Having grown up in Paddock Wood, I was for the most part unaware that just up the road at the tiny, rural All Saints’ Church in Tudeley I would have found the only church in the world to have all its twelve windows decorated by the Russian artist Marc Chagall.
When I became a Christian in my late teens, All Saints’ became a regular place for me to pray. It is, quite simply, one of my favourite places to sit and be in the whole wide world.
The windows are just beautiful and deeply enchanting. Commissioned as a memorial tribute to Sarah d’Avigdor-Goldsmid who died aged just 21 in a sailing accident off Rye, the main East window shows Sarah drowning in the sea while Christ crucified looks down. I don’t know much about art (or anything really) but I love the combination of honest brutality in showing Sarah’s plight in the midst of such beautiful stained glass. Sanitised Christianity this is not.
I write about this now because I had a chance this week to visit a special exhibition called Cross Purposes. Much kudos to my old mother church, St. Andrew’s Paddock Wood, who have combined with my old school and their art gallery, Mascalls Gallery, to put on a special exhibition.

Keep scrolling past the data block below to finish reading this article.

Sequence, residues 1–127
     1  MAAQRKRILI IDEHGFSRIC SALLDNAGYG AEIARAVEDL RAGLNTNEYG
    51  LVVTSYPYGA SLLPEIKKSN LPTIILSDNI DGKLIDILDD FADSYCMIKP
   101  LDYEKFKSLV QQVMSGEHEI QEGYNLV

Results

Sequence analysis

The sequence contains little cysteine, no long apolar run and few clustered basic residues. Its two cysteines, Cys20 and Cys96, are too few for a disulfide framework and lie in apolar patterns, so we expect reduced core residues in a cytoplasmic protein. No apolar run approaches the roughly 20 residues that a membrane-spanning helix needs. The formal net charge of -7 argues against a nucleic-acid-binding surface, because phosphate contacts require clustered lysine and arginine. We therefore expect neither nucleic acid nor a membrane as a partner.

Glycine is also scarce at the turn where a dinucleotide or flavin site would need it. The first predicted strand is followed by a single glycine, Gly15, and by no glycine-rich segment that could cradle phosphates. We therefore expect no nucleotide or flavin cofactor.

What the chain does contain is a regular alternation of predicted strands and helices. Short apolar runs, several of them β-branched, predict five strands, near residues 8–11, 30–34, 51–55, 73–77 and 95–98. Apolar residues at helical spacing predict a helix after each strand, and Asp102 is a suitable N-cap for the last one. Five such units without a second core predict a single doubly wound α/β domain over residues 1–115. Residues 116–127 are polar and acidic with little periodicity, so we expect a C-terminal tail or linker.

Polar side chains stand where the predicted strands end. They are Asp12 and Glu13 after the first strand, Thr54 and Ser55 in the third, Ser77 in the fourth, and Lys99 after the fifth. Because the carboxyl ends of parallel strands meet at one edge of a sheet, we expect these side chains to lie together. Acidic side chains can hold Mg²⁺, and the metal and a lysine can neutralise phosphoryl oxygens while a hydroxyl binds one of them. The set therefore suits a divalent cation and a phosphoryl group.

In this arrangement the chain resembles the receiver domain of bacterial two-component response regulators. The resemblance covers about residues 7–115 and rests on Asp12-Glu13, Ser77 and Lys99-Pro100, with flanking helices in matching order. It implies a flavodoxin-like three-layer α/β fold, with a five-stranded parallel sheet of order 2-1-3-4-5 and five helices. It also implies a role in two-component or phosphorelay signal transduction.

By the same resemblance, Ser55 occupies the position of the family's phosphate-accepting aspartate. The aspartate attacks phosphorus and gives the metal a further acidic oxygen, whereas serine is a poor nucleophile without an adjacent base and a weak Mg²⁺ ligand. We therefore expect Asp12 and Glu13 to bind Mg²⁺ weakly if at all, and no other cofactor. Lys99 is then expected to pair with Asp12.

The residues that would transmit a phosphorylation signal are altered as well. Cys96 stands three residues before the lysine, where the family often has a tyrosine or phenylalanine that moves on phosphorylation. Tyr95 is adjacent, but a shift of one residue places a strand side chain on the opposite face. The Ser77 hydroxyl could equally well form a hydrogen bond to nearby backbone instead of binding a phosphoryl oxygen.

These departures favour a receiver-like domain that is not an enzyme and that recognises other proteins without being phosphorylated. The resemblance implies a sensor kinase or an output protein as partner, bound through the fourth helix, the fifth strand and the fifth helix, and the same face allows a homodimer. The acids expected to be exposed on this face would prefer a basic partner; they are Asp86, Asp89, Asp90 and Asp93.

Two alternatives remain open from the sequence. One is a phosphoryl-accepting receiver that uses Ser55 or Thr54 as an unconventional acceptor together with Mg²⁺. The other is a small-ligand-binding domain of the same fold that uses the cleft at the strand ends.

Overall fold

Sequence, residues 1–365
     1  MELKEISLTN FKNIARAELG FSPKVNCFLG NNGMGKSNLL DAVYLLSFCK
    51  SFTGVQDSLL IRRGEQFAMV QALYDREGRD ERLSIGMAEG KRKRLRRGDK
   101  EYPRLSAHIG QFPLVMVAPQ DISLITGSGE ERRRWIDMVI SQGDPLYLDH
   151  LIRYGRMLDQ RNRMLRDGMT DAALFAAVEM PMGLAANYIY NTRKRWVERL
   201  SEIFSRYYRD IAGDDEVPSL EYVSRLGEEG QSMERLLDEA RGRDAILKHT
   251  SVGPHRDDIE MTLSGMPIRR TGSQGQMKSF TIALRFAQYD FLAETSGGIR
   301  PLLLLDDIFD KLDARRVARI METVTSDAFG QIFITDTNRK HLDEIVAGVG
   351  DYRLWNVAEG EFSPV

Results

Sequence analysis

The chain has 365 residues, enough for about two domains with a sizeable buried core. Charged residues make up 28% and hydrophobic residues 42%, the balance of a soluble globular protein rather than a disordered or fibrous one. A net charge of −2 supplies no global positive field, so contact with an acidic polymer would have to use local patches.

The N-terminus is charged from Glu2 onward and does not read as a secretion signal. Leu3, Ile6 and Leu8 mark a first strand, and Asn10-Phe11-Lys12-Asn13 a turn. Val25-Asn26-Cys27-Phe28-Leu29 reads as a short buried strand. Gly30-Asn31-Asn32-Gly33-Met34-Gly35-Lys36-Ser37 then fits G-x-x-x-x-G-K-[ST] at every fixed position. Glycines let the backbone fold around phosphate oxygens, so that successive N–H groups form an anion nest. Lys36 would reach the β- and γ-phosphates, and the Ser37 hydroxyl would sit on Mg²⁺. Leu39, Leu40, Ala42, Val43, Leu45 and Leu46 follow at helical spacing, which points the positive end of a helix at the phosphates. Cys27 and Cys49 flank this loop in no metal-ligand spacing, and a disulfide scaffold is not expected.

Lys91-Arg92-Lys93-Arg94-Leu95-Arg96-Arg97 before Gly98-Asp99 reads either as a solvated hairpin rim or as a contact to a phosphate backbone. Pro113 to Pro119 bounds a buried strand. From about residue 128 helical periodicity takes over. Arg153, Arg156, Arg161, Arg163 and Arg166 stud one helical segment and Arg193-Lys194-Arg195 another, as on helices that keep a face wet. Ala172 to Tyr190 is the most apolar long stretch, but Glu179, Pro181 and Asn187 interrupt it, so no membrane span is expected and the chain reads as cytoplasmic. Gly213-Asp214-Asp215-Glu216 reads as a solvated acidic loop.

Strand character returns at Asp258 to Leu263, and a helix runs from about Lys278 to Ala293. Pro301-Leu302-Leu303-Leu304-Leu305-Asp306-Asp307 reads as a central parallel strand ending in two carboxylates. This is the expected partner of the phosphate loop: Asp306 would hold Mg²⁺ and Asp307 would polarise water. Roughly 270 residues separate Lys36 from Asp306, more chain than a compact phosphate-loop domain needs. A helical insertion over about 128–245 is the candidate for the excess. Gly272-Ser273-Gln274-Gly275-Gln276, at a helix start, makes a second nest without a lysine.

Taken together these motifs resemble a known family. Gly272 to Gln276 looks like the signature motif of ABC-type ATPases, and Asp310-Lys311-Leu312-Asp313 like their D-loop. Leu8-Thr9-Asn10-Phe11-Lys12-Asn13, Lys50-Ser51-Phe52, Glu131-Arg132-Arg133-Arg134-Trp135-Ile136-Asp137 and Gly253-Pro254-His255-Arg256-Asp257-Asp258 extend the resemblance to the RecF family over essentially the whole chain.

In the Gallery, Cross Purposes has brought together powerful images of the crucifixion from some of the most important artists of the 20th and 21st Centuries. I was astounded to see the list of names – Stanley Spencer, Tracey Emin, Eric Gill, Maggi Hambling, Emmanuel Levy and (of course) Marc Chagall.
Shown for the first time in this country, Chagall’s original drawings and paintings for the Tudeley windows are on display. They are fascinating to see the development of Read more